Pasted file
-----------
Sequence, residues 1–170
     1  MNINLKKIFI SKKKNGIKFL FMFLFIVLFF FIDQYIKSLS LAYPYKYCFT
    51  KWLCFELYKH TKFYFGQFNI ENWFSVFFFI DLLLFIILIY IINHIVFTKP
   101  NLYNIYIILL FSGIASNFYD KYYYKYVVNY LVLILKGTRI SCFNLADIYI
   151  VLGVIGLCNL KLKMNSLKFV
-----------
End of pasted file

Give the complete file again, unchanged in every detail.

Sequence, residues 1–170
     1  MNINLKKIFI SKKKNGIKFL FMFLFIVLFF FIDQYIKSLS LAYPYKYCFT
    51  KWLCFELYKH TKFYFGQFNI ENWFSVFFFI DLLLFIILIY IINHIVFTKP
   101  NLYNIYIILL FSGIASNFYD KYYYKYVVNY LVLILKGTRI SCFNLADIYI
   151  VLGVIGLCNL KLKMNSLKFV